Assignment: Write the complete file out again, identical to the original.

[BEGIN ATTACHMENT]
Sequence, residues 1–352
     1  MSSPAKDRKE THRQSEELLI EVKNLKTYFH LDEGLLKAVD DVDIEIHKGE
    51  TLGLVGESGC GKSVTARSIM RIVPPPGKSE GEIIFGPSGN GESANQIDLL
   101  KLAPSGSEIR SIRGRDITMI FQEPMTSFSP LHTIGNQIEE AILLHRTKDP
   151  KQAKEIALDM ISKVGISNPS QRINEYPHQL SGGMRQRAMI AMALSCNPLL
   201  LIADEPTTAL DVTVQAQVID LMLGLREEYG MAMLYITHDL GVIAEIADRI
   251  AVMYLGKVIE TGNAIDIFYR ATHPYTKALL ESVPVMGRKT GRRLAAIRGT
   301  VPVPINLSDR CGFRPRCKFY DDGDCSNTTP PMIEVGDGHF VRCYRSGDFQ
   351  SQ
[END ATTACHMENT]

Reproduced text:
Sequence, residues 1–352
     1  MSSPAKDRKE THRQSEELLI EVKNLKTYFH LDEGLLKAVD DVDIEIHKGE
    51  TLGLVGESGC GKSVTARSIM RIVPPPGKSE GEIIFGPSGN GESANQIDLL
   101  KLAPSGSEIR SIRGRDITMI FQEPMTSFSP LHTIGNQIEE AILLHRTKDP
   151  KQAKEIALDM ISKVGISNPS QRINEYPHQL SGGMRQRAMI AMALSCNPLL
   201  LIADEPTTAL DVTVQAQVID LMLGLREEYG MAMLYITHDL GVIAEIADRI
   251  AVMYLGKVIE TGNAIDIFYR ATHPYTKALL ESVPVMGRKT GRRLAAIRGT
   301  VPVPINLSDR CGFRPRCKFY DDGDCSNTTP PMIEVGDGHF VRCYRSGDFQ
   351  SQ